Authors: Julia Donaldson
Illustrated by Debbie Boon
The Dinosaur’s Diary
Julia Donaldson started her career writing songs for children’s television. It was only when one of her songs was made into a book,
A Squash and a Squeeze,
that she turned her hand to story-writing. She has now written over a hundred books and plays for children and teenagers, including
which won the Smarties Prize and a Blue Peter book award. Julia lives in Glasgow with her husband Malcolm and three cats.
I’m so excited! I’m nearly ready to lay my eggs! I had a wander round the swamp, looking for a nice safe place to lay them. That’s hard, when there are so many big, fierce dinosaurs around.
It’s just not fair. The biggest, fiercest dinosaurs get everything their own way. They even have days named after them. Like today – T-Day, named after Tyrannosaurus Rex, the biggest and fiercest dinosaur of all. Why can’t I have a day named after me? Hypsilophodon-Day, it would be. I know that’s rather a mouthful, but it could be Η-Day for short.
The trouble is, I’m
one of the biggest fiercest dinosaurs around. Far from it. I’m nearly the smallest and one of the gentlest. I do hope I’ll manage to look after my babies all right. I just can’t wait to see them!
Tri–Day! I ask you! Why name a day after Triceratops? Just because she’s got three horns and a fancy armour-plated frill round her neck. It’s just not fair – she’s tons bigger than me
she has all this armour to protect her against Τ Rex and the like.
I haven’t even got
horn. All I’ve got are these two little spikes on the thumb of each of my front paws, and they’re not much use.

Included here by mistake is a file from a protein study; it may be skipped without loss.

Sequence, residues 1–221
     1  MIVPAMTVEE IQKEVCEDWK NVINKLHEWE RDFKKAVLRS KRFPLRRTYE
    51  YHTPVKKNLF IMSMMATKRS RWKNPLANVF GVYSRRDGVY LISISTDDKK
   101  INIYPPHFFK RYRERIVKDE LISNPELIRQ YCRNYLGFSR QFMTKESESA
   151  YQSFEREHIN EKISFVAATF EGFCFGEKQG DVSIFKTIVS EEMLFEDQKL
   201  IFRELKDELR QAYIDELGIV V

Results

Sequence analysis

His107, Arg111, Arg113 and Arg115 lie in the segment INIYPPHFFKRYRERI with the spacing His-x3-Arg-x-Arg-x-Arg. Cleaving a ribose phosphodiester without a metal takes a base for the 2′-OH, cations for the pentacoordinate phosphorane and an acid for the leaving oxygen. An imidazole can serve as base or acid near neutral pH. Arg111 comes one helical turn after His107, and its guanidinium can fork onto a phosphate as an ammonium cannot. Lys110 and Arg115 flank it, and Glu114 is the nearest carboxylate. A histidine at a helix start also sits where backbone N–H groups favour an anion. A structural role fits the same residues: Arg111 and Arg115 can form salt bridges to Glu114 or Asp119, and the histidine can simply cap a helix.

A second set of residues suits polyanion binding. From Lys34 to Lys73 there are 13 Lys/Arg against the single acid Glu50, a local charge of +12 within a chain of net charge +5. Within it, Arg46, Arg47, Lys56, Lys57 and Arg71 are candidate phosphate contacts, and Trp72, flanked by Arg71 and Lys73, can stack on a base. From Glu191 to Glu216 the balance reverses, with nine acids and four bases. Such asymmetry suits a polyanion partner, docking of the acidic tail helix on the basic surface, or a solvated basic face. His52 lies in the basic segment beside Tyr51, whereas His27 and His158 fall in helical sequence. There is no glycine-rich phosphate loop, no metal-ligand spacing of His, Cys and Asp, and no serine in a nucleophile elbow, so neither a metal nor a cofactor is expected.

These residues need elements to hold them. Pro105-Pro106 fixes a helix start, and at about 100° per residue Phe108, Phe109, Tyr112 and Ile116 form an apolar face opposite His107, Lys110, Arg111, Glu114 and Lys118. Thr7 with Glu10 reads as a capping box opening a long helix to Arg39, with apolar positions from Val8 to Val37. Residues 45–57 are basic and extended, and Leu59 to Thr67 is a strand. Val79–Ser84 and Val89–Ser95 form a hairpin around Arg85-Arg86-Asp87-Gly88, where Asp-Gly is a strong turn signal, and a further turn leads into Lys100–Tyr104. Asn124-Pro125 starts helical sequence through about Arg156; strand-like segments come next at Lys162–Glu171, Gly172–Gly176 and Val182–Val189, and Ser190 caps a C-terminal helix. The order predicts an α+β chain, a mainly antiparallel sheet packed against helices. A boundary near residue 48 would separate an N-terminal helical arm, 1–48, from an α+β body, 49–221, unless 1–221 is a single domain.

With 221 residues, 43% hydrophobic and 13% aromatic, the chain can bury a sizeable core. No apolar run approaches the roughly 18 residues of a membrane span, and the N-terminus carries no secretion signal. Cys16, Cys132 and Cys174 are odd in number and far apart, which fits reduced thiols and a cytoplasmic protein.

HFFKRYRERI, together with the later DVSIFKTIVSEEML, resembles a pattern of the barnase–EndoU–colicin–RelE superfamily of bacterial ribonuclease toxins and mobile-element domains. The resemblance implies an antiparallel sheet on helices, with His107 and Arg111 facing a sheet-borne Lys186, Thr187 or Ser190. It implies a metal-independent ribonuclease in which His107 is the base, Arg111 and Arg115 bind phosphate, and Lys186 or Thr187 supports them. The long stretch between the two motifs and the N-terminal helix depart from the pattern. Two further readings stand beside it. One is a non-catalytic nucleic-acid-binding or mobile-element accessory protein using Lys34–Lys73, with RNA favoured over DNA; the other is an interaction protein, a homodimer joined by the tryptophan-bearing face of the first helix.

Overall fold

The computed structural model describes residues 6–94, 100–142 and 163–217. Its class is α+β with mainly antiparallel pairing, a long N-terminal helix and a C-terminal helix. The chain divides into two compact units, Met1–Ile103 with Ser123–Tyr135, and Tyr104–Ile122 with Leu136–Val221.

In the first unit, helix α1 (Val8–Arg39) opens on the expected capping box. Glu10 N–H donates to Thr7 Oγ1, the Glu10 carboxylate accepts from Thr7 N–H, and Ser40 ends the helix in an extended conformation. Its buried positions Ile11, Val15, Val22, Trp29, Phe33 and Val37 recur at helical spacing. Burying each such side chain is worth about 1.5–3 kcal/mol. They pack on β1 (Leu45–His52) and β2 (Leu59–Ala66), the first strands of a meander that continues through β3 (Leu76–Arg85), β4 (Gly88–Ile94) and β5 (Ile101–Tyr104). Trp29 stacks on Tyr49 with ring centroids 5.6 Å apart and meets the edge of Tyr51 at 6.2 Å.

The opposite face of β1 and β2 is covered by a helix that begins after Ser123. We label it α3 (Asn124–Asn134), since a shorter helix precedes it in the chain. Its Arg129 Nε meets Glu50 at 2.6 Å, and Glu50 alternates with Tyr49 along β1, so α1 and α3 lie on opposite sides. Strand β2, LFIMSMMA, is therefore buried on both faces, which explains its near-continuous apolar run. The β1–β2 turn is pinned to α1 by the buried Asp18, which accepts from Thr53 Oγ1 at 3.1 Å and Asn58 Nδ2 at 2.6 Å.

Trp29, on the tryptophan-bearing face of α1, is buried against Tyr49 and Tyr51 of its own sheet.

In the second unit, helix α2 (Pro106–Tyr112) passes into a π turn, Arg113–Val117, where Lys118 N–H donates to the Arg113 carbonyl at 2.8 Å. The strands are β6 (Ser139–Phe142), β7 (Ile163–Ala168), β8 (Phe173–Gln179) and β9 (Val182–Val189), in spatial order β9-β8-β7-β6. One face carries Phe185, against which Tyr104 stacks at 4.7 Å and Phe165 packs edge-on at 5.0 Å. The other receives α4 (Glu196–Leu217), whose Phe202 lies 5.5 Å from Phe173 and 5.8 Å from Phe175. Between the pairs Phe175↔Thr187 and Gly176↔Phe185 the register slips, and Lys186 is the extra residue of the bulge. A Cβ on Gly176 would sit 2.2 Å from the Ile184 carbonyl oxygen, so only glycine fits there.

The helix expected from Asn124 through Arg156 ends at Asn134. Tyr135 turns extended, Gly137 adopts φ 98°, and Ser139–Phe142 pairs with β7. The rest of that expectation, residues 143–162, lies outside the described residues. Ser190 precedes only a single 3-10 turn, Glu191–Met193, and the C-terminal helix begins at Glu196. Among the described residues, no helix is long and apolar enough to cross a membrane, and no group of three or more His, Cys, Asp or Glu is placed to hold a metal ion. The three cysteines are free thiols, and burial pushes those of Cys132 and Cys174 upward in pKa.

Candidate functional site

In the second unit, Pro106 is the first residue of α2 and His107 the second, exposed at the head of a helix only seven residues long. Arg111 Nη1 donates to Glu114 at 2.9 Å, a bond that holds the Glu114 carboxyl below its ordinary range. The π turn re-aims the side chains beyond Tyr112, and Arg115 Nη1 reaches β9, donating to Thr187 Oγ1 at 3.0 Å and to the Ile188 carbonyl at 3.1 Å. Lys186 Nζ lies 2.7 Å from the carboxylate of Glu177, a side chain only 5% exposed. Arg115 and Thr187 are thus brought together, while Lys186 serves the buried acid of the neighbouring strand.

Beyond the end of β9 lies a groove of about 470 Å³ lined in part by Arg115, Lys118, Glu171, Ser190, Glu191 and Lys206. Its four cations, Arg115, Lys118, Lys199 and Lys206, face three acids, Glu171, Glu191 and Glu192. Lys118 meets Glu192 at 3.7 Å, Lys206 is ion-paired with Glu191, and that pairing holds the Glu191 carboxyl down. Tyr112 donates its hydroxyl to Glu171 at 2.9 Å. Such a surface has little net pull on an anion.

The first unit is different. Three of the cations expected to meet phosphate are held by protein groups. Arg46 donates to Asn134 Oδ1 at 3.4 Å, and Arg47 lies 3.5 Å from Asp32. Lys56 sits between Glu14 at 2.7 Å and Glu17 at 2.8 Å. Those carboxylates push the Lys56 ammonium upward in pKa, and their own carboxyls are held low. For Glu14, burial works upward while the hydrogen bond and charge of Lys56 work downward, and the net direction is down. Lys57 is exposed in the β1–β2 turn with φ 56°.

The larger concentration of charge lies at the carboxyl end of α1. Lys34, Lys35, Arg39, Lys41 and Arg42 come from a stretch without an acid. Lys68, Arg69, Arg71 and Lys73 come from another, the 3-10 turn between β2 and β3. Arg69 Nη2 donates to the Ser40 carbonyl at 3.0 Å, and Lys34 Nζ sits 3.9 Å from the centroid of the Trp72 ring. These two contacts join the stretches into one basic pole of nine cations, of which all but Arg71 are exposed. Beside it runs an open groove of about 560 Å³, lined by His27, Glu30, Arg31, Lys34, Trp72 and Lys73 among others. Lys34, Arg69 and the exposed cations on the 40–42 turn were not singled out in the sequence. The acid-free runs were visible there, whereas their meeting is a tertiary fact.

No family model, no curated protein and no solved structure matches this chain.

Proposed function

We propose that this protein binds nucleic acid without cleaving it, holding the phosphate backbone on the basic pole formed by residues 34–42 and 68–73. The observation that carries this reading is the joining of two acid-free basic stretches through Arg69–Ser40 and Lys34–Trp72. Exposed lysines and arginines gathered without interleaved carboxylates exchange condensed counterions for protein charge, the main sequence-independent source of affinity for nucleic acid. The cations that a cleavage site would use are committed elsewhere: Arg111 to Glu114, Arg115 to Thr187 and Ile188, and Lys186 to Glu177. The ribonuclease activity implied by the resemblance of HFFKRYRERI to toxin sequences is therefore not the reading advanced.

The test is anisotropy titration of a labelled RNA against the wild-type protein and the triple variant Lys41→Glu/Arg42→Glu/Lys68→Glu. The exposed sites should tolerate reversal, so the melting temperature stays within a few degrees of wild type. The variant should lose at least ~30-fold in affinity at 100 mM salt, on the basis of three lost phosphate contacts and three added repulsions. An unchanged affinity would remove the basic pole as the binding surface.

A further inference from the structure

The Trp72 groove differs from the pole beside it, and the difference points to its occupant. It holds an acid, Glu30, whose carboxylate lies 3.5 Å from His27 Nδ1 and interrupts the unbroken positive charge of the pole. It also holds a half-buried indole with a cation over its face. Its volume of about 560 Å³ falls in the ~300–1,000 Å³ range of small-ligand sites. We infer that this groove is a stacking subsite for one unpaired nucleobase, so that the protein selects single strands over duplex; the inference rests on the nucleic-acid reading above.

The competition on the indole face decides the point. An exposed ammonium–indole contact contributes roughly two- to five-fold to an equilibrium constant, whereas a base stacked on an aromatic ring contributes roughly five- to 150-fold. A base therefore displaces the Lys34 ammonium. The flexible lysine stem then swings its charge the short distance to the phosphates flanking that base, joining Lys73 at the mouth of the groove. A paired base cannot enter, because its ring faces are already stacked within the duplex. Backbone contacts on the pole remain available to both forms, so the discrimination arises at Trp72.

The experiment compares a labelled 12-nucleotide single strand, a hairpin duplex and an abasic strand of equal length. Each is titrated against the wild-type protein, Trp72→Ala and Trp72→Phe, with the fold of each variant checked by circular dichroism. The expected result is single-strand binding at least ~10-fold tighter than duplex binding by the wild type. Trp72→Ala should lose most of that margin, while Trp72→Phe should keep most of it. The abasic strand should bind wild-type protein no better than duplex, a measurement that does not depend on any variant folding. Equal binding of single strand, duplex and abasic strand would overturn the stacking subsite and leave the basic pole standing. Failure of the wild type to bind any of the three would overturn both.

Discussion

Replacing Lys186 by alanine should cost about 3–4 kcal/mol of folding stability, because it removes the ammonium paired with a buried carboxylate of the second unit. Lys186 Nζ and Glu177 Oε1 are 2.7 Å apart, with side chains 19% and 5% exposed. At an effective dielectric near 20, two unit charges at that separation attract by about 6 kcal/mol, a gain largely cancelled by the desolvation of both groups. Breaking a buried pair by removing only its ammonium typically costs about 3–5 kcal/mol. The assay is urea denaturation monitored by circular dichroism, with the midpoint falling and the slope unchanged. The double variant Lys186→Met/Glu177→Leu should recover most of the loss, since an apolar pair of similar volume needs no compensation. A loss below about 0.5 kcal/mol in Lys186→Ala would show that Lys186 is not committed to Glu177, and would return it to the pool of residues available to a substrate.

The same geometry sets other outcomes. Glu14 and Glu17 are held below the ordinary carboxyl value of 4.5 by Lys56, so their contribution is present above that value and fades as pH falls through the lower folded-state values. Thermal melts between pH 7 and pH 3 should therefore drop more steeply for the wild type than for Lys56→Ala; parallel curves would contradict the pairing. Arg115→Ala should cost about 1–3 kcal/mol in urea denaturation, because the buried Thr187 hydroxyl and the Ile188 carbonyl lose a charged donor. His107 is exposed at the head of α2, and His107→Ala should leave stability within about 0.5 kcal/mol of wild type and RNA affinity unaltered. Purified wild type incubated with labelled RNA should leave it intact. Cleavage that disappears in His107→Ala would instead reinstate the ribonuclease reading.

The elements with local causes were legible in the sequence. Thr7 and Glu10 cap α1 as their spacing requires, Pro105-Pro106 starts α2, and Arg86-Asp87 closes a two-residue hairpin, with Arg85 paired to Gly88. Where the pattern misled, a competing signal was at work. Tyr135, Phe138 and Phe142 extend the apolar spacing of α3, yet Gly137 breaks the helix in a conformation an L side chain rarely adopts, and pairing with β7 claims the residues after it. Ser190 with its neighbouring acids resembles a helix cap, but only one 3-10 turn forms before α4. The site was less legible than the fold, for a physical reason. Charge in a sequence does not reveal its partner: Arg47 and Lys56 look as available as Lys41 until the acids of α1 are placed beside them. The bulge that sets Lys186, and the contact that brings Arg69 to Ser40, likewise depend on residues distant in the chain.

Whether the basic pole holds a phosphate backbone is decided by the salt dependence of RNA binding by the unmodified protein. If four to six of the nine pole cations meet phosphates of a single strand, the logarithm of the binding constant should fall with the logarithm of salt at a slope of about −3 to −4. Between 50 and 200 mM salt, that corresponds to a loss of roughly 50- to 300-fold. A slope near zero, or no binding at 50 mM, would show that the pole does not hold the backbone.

At least Triceratops doesn’t try to eat me (she only eats plants) but she can be quite a bully. This morning I had just discovered a patch of delicious horsetail plants – my favourite food – when Tri appeared, horns lowered, saying, ‘Beat it, Hypsy-Wypsy.’
It’s a wonder I found anywhere to lay my eggs, but I did! Yes, I’ve laid them – all twenty of them! Green with black spots, like last time. I dug a hole in the mud and laid them in a beautiful spiral pattern. I covered them with bits of horsetail to keep them warm.
Oh, how I hope they’ll all hatch out!
I don’t mind my friend Euphocephalus having a day named after her. She’s another of these armour-plated giants, but she’s not a bully like Triceratops. In fact, she’s a bit of a star, especially today.
There I was, hovering round my new nest, nibbling at some lovely juicy horsetails, when all of a sudden, from out of the tall ferns, a gigantic Τ Rex appeared.
I froze to the spot. Normally I would run – I’m quite a nippy mover – but for some reason I couldn’t bring myself to leave the nest and all my beautiful eggs.
Τ Rex was just about to pick me up in his razor-sharp claws, when Euph charged up and gave him a whack in the stomach with the really cool club which she has at the end of her tail. Τ Rex doubled up in agony and lumbered away clutching his stomach – he seemed to have forgotten all about me.
When I thanked Euph she just said, ‘Don’t mention it, old girl – you’d do the same for me.’ The trouble is, I
do the same for her – I’m just too little and all I’ve got to fight with are the silly spikes on my thumbs.
Thank goodness my eggs are all right!
Tragedy has struck. All my eggs have been eaten.
I was guarding the nest when Τ Rex appeared again. This time there was no Euph around to protect me. I forced myself to leave the nest and run for my life. I had to run for miles. It’s a good job I’m so fast on my feet or I would never have got away.
But when I got back to the nest it was surrounded by a gang of Compsognathi, all smacking their jaws and licking their lips, with egg-yolk trickling down their chins.
I hate Comps! They are even smaller than me, yet they have a day named after them. I suppose it’s because they go around in a nasty, fierce gang, hunting for lizards and insects … and dinosaur eggs.
This is just what happened to my last lot of eggs. I am beginning to wonder if I will
have any babies. Life is very hard.